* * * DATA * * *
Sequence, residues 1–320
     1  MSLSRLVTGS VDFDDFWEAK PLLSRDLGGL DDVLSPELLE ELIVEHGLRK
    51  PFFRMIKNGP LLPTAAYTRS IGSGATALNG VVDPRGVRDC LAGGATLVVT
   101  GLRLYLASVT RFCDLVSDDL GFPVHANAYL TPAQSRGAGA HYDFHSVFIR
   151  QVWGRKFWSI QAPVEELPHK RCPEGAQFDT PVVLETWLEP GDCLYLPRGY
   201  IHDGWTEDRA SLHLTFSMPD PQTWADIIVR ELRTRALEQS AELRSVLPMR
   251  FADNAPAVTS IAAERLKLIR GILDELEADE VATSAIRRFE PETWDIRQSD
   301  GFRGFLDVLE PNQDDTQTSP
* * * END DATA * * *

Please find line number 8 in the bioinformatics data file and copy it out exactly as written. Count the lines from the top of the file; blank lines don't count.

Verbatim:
   301  GFRGFLDVLE PNQDDTQTSP